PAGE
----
Dealing With Grief
One of the most difficult situations for most of us is dealing with the death of a loved one. And I think most of us are unsure and uncomfortable when we are trying to comfort someone who has just experienced a loss. As mentors, we are sometimes in the position of trying to comfort one of our students who is dealing with the loss of a family member. What can you say to help him or her through this ordeal? Is there anything you can do that would be helpful?
Anne Heller, a mentor for Take Stock Manatee, faced this situation when her scholar experienced a death in the family shortly after they met. She shared some of the ways she is responding to this traumatic event.
“I’m still new to this student so I really just let her talk and look at pictures with her mom. I try to encourage her to be gentle on herself and we talk about grief and sadness. I encourage her to stay with counseling and I gave her a journal to help her write out how she is feeling. I always let her know I’m here for her. We text and I try to reach out. My student is very raw so I’m taking it slow.”
Anne offered the following advice to other mentors:
“To other mentors, just listen! Don’t tell them you know how they feel. That is very upsetting to the person grieving. My student and I spoke about this and I said I have not walked in your shoes nor you in mine. All we can do is support and encourage the healing with time.
Also, the school district will provide counseling help for these students. Superintendent Dr. Diana Green let me know that. They just have to be made aware of the situation.”
When I explored the internet for information on this subject, I found the following advice which mirrors much of what Anne shared.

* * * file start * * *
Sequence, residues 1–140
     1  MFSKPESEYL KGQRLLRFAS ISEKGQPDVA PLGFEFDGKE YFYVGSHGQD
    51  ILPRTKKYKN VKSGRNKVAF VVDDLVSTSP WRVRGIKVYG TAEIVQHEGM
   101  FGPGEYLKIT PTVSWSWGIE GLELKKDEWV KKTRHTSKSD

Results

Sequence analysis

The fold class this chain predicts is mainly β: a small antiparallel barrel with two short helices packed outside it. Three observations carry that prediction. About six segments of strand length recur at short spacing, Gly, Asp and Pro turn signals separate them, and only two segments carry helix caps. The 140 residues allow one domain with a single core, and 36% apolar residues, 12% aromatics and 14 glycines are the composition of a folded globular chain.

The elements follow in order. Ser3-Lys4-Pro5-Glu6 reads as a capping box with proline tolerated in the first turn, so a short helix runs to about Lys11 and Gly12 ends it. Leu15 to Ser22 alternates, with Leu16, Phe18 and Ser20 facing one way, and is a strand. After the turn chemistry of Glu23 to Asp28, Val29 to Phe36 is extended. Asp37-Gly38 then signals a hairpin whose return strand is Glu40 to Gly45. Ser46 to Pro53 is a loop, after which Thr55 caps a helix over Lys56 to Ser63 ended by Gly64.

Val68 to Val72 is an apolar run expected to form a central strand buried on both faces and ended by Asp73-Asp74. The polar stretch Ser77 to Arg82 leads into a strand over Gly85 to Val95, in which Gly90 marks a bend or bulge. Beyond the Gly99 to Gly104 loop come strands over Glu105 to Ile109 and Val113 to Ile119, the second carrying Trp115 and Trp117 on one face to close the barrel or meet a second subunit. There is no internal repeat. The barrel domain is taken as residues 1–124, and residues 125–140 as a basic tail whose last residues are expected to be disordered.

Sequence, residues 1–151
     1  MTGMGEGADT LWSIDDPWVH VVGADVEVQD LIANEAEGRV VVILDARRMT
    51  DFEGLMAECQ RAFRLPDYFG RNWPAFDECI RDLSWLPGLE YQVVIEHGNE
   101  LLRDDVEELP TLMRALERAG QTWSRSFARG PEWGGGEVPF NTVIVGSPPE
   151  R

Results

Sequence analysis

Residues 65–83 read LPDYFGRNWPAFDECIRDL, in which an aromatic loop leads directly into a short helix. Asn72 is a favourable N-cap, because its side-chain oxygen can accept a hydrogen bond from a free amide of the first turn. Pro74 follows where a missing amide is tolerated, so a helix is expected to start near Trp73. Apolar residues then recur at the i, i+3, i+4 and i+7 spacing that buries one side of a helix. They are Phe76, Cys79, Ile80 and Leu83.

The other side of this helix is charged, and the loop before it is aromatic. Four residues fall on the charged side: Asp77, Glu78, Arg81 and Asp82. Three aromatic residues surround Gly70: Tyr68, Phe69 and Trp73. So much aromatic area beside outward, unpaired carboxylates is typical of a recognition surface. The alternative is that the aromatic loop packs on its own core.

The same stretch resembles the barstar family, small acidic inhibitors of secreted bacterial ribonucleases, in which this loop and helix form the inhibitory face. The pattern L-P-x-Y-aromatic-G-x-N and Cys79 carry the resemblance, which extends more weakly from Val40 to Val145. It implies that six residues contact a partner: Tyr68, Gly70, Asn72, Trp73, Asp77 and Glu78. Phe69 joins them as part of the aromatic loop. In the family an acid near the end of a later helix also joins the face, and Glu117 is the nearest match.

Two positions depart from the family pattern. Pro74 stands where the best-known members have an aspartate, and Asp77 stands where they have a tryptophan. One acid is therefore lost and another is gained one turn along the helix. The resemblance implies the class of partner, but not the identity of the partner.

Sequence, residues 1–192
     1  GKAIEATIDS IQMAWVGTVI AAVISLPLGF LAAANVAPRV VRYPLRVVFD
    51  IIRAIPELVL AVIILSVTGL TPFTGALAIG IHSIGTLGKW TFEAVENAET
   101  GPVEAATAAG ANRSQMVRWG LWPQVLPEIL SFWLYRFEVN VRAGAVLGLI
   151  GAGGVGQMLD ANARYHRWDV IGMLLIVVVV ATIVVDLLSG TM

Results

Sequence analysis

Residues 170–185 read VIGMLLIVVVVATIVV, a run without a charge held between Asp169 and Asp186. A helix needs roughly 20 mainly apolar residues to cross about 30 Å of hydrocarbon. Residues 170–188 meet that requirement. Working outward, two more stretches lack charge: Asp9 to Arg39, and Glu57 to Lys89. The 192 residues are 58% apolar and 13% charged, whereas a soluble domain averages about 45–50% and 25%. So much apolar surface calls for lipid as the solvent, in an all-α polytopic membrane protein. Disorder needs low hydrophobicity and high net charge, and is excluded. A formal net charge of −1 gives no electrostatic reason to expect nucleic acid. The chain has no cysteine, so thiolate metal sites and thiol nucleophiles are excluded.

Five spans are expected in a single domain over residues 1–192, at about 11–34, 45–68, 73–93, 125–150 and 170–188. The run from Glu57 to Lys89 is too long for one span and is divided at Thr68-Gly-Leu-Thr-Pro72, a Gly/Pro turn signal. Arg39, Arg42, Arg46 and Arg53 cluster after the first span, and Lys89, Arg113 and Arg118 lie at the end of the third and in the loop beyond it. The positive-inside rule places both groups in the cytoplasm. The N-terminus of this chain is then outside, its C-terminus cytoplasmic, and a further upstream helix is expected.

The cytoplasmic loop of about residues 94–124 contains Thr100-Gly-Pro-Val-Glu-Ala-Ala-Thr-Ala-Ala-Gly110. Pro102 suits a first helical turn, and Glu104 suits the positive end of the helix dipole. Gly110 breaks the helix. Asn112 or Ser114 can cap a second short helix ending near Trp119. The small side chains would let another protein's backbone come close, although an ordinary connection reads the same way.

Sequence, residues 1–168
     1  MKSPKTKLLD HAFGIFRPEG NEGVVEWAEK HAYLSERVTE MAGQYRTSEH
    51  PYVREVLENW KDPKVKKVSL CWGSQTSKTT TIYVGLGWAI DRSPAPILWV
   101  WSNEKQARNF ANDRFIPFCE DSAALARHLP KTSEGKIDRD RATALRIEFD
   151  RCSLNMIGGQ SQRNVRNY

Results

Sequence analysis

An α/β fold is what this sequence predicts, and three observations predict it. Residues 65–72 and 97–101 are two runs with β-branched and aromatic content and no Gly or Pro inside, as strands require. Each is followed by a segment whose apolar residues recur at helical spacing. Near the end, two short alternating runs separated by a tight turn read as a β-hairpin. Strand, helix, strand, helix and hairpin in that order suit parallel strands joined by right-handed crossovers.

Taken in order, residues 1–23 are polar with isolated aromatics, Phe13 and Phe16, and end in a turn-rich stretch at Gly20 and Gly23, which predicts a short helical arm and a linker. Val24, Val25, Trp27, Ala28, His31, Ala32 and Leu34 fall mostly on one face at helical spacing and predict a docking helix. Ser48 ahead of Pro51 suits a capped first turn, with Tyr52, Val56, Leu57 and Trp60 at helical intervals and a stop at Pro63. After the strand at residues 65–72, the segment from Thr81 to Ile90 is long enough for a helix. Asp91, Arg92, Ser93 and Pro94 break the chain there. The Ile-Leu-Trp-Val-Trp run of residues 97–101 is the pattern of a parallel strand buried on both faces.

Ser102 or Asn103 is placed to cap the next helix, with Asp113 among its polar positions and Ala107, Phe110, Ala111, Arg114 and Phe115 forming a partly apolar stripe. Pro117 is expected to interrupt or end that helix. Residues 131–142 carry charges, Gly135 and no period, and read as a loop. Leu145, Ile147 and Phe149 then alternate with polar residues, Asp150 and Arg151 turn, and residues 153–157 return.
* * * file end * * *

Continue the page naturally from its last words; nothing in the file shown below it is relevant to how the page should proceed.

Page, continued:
Supporting Grieving Children and Adolescents
It’s difficult to sum up how to support a child or teenager without being overly general because, just like adults, they are complicated individuals who think, feel, act, and react to life in their own unique ways.
An adolescent’s grief can be impacted by any number of things - the relationship they had with the individual, how the individual died, their support system, and past experiences with death. Another factor includes their own unique strengths and weaknesses when it comes to dealing with stress, adversity, and high emotion. Grownups seeking to support an adolescent should try to remember that a wide range of responses are considered ‘normal’ and there’s no one formula for providing support.
Fortunately, conventional wisdom says the best way to support a grieving adolescent is to ‘companion’ them, which is just a fancy way of saying be there for them which you (hopefully) already know how to do. You can ‘companion’ a teen by supporting them, talking openly and honestly, listening, allowing them to grieve how they want, and allowing them to decide how they will cope (with the exception of self-destructive behaviors).
We advise with children of any age you do the following:
- Acknowledge their presence, their importance, their opinions, thoughts, and feelings.
- Be patient and open-minded. Allow them to grieve in their own way.
- Be available – Sit with the child, listen to them, and answer their questions.
- Let them know that a range of different emotions is normal.
- Validate their feelings and do not minimize them.
- Check in with other adults involved in their life – teachers, school counselors, coaches.
- Find age appropriate resources.
Mentors (both past and present) - If your student has suffered a loss, please let us know how you handled this traumatic situation or if you would like to share any other comments!
-Jean Steiger, TSICM Blog Editor